Located in west-central Honshu, in the scenic valley of the Kamo River and its surrounding mountains, Kyoto is one of the most historic and attractive city and a place of endless fascination and delight! The city is the heart of traditional Japanese culture and charms its visitors with quiet temples, colorful shrines, and divine gardens.
If you admire tradition and love history, Kyoto is just perfect for you! But before you book your trip, here’s a refined collection of interesting facts about Kyoto to help enlighten you…
Kyoto is in the western part of Japan’s largest island, Honshu, and is located in a peaceful valley surrounded by mountains on three sides.
Its origins go back to the 6th Century.
Kyoto has been a Buddhist centre since the 8th century and is in many ways the intellectual heartland of Japan.
Kyoto was the capital of Japan for more than one thousand years.
The history of Kyoto starts in 794 when Kyoto was chosen as the new seat of Japan’s imperial court. The Emperors of Japan ruled from Kyoto in the following eleven centuries until 1869, when the court relocated to Tokyo.
The city is now the capital city of Kyoto Prefecture located in the Kansai region, as well as a major part of the Kyoto-Osaka-Kobe metropolitan area.
Wars have raged across Kyoto down the centuries, but the city largely escaped conventional World War II bombs because it was not included in American invasion plans.
The Imperial City of Kyoto has more pre-war buildings than most other Japanese cities taken together.
The city has 1,600 Buddhist shrines and 400 Shinto Temples. Among these, the 17 historic monuments of ancient Kyoto are a collective UNESCO World Heritage Site.
These heritage sites attract many people since each embodies a respective era in which it was constructed.
Kyoto is popularly known as the City of Ten Thousand Shrines, of which the Shimogamo Shrine is the most venerable. It stands in honor of the Mother of the God of Thunder.
Buddhist monks built the original structure in 678 AD ahead of a visit by Emperor Tenmu who became the first monarch of Japan.
Shimogamo Shrine is part of the larger Kamo religious complex. This is within an area landscaped according to ancient Japanese tradition, where visitors may freely roam.
Fushimi Inari-taisha is the head shrine of the kami Inari, located in Fushimi-ku, Kyoto. The shrine sits at the base of a mountain also named Inari which is 233 metres (764 feet) above sea level, and includes trails up the mountain to many smaller shrines which span 4 kilometres (2.5 mi) and take approximately 2 hours to walk up.
Kinkaku-ji officially named Rokuon-ji is a Zen Buddhist temple in Kyoto, Japan. The name Kinkaku-ji literally means the Temple of the Golden Pavilion and the official name Rokuon-ji literally means the Deer Garden Temple.
Kiyomizu-dera is a Buddhist temple in eastern Kyoto. It is one of the most famous and celebrated temples in Kyoto. The temple was founded in 778 AD and contains buildings from the 17th century, including the main hall designated as a National Treasure.
The Kyoto Imperial Palace is the former ruling palace of the Emperor of Japan.
Following a period of wanton destruction in the 15thcentury, Emperor Toyotomi Hideyoshi refashioned Kyoto in the style of the City of Chang’an that had a quarter of a million inhabitants by the year 2 AD, when recorded history begins.
During the 16thcentury, Emperor Toyotomi Hideyoshi doubled up the number of north-south streets. This created the familiar rectangular blocks with shorter side streets that form the fascinating older suburbs adored by visiting tourists.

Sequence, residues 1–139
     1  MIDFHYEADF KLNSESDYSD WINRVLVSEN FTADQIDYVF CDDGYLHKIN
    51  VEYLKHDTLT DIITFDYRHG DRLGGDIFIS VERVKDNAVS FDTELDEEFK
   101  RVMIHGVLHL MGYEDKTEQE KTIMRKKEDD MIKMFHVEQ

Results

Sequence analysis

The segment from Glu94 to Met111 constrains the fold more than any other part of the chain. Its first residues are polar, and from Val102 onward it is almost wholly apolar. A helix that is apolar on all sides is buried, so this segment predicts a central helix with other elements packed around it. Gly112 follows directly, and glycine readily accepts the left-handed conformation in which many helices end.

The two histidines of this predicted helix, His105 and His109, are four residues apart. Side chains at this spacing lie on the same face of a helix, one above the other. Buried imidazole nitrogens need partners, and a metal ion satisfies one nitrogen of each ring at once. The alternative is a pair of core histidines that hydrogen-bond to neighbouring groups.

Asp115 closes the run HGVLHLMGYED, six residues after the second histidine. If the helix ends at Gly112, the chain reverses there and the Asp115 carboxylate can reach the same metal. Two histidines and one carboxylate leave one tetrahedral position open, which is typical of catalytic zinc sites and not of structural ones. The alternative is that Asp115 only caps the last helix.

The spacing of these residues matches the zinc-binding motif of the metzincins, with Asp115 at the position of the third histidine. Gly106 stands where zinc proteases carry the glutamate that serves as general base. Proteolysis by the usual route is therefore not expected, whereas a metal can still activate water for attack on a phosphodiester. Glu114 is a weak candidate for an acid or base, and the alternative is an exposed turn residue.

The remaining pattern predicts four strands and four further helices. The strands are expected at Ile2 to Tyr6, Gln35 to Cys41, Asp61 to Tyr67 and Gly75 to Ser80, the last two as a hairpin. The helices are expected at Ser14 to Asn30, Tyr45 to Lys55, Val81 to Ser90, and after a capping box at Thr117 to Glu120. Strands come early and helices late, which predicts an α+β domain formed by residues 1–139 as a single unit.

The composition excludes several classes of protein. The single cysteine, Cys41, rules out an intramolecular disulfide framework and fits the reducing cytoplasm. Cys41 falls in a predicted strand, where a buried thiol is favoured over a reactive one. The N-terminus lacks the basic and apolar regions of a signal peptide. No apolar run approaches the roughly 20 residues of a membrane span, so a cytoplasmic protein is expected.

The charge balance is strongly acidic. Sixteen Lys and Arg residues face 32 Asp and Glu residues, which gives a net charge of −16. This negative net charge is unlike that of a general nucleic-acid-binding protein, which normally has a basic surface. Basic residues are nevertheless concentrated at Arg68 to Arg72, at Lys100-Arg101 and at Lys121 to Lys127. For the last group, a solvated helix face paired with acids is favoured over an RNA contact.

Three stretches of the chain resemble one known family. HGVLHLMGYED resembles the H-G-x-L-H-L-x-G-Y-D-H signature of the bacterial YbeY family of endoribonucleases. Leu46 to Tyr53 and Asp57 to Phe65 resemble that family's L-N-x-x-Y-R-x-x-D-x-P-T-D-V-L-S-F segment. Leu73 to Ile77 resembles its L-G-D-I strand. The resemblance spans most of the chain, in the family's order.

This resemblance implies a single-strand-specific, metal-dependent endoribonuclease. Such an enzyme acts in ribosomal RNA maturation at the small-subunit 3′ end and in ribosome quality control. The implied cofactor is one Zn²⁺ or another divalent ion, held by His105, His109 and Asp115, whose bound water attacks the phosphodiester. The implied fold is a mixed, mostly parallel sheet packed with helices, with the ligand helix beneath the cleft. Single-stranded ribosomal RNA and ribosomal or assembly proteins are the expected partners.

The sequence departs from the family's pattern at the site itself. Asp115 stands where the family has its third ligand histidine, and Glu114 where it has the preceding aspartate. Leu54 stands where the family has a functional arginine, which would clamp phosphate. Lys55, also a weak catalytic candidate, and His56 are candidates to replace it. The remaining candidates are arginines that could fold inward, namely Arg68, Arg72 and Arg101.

Historically, Kyoto was the largest city in Japan, later surpassed by Osaka and Edo (Tokyo) towards the end of the 16th century.
Home to many cultural landmarks and historical sites, Kyoto is thought of as the heart of Japan.
The Kyoto Municipal Museum of Art and the Kyoto National Museum are a great place to see the magnificent work and unravel the history of the city.
The festivals in Kyoto are famous not only in Japan but are also known worldwide. The three major festivals of Kyoto are the Aoi-matsuri Festival in early summer, the Gion-matsuri Festival in mid-summer, and the Jidai-matsuri Festival in fall.
Kyoto University that was established in 1897 is one of the former imperial universities. It’s considered the best in Japan after Tokyo University.
The Kyoto Protocol is an international agreement linked to the United Nations Framework Convention on Climate Change. It was adopted in Kyoto, Japan, on 11 December 1997 and entered into force on 16 February 2005. The protocol aims at reducing greenhouse gas emissions globally.
The city has seven independent rail services. To go places, you need to rush from one to the other. This means you need different tickets and sometimes there is a hefty hike between stations.
Nishiki Market is a marketplace in downtown Kyoto. Rich with history and tradition, the market is renowned as the place to obtain many of Kyoto’s famous foods and goods.
Kyoto is justifiably renowned for its remarkably authentic cuisine. Being distant from the sea and having so many Buddhist vegetarians resulted in the development of 13 varieties of vegetables.
When you visit, look out for restaurants advertising albino potatoes, shogun kabul turnips, kamo nasu eggplants, and the shogoin radish that tastes good especially when simmered gently.
Many of Kyoto’s restaurants are in traditional wooden buildings, where you can have your brunch in nature’s lap.
Today, the city is one of the centres of the Keihanshin Industrial Zone, the second-largest urban and industrial agglomeration in Japan.
Do you have any interesting or fun facts about Kyoto that we’ve missed? Share them here in the comments section below!